Throughout the course of humanity

Throughout the course of humanity, many religions were established. At times, people believed in religion more than anything else. In the essay, “The Lowest Animal,” Mark Twain, an American writer from 18th-19th century, pokes fun at many conflicts of humanity, in general. But Voltaire, a French Enlightenment writer from 16th-17th century, directly points out the conflicts of specific people or group in his book, Candide. Voltaire shows his critiques through a character’s encounter throughout the entire book. In common, both of these authors from different centuries, see religion as something negative. Through the use of satire, Voltaire and Twain view actions taken by religious people or organizations to be hypocritical.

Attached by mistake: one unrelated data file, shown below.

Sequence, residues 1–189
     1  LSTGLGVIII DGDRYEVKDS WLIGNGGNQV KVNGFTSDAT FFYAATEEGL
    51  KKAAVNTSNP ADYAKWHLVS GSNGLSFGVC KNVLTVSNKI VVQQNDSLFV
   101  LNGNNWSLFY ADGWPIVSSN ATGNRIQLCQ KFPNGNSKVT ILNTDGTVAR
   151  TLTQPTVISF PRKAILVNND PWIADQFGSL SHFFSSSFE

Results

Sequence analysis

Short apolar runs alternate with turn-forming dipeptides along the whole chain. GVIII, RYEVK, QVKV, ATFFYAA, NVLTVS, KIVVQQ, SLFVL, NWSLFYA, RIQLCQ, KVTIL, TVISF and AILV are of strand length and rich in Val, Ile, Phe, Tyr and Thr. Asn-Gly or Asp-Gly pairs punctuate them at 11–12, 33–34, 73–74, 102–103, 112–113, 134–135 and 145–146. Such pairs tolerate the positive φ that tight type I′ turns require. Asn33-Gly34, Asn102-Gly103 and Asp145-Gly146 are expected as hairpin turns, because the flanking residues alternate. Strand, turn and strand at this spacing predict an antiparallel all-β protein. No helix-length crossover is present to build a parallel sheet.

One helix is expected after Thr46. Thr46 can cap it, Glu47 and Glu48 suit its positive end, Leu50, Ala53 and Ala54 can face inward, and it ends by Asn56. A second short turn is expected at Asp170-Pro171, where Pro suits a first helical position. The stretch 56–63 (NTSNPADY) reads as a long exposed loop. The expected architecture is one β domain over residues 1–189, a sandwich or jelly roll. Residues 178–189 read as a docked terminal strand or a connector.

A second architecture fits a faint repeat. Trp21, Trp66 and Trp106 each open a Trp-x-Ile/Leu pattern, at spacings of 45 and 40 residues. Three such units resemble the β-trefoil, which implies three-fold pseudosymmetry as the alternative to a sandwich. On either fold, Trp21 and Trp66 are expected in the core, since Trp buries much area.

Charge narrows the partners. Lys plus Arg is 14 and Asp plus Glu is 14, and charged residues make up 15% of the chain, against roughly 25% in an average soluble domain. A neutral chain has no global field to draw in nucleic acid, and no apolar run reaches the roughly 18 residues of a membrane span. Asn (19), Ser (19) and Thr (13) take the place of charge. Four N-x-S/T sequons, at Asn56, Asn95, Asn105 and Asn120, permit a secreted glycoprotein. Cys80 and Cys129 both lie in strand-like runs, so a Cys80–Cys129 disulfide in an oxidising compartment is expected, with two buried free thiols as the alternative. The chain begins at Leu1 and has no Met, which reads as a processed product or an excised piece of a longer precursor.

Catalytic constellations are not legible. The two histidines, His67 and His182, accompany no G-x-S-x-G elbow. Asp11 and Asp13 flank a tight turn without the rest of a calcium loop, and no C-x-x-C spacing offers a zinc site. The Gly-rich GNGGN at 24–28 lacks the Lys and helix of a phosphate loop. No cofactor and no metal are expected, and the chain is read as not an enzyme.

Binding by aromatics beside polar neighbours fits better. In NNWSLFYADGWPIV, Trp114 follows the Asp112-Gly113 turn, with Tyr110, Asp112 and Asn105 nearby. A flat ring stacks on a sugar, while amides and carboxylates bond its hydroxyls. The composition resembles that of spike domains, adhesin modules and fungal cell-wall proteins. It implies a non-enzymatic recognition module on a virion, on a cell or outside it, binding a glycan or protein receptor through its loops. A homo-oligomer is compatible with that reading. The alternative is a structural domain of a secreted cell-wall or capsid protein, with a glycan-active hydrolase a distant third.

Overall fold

In the essay, “The Lowest Animal” Twain communicates the idea that religions can cause many conflicts between people in society. Throughout Twain’s essay, he expresses his opinions as a scientist who supposedly performs “experiments” on humans and animals at the London Zoological Gardens. In Twain’s so-called “experiments,” he wants to determine whether humans or animals are the “lowest animal.” He points out different types of human and animal actions and behaviors. In his essay, he proves that human beings are cruel and that they are the “lowest animal” on Earth whereas animals